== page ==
- Front Locking raised toilet seats
- Raised toilet seats with legs
The seats which are on frames which are placed over the toilet may be called –
- Safety frame with an elevated toilet seat
- Safety frame with a raised toilet seat
- Toilet safety frame with an elevated seat
- Toilet safety frame with a raised toilet seat
- Mechanical toilet safety frame with raised toilet seat
If you want to learn more about the actual types of raised toilet seats rather than just their heights, I have an article “Types of raised toilet seats: what you should know before you buy” where I outline all the different types of seats in detail, how solid they are, and which are best for the elderly in different cases.
Bedside commodes which can be used as raised toilet seats are also called –
- Portable bedside commodes
- 3-in-1 bedside commodes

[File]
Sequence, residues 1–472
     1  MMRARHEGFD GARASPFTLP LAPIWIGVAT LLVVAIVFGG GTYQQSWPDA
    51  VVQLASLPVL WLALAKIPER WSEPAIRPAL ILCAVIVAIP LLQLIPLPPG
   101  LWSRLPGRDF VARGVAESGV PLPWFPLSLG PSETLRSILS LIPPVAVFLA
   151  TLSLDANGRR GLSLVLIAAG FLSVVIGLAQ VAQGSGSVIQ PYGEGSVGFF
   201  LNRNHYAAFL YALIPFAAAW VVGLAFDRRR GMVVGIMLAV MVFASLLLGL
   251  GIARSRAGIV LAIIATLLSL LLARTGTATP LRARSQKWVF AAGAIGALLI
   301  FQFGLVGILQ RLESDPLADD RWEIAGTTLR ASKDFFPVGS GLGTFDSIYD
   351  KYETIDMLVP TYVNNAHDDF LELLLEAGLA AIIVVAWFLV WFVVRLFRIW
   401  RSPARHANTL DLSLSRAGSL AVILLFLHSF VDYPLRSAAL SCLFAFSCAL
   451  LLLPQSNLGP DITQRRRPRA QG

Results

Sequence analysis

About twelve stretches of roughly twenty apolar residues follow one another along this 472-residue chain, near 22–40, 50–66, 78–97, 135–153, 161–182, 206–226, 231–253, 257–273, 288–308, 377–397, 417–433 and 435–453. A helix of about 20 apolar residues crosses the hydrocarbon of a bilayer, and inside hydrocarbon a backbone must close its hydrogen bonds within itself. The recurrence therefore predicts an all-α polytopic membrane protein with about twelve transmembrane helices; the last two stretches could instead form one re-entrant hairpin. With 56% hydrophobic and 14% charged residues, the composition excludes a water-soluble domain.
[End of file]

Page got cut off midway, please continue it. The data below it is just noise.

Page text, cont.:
- All-in-One bedside commodes
- Drop arm bedside commodes
- Transport or rolling bedside commodes
- Shower chair / transport bedside commodes
If you wish to know more about these different types of bedside commodes and to whom they are best suited, you can find lots of information on that in my article “Types of commode chair: what you need to know” where I fully explain the different types and the types of jobs they are best suited for.
We have been using them everyday for a number years now for my mother, and in the article I list a lot of models by type, with their weight capacities and model number; how to assist a loved one in using a commode; how to stop commodes from tipping; how to clean a commode properly; and how to set one up for use as a raised toilet seat.
Lets get started with the heights of raised which attach to your toilet –
Risers come in heights of 2 -4 inches, and raise your toilet seat by that amount.
Risers are not technically a seat, they go under the toilet seat you already have on your toilet.
Risers are a flat oval, or round, ring of plastic which you bolt to your toilet underneath you existing seat.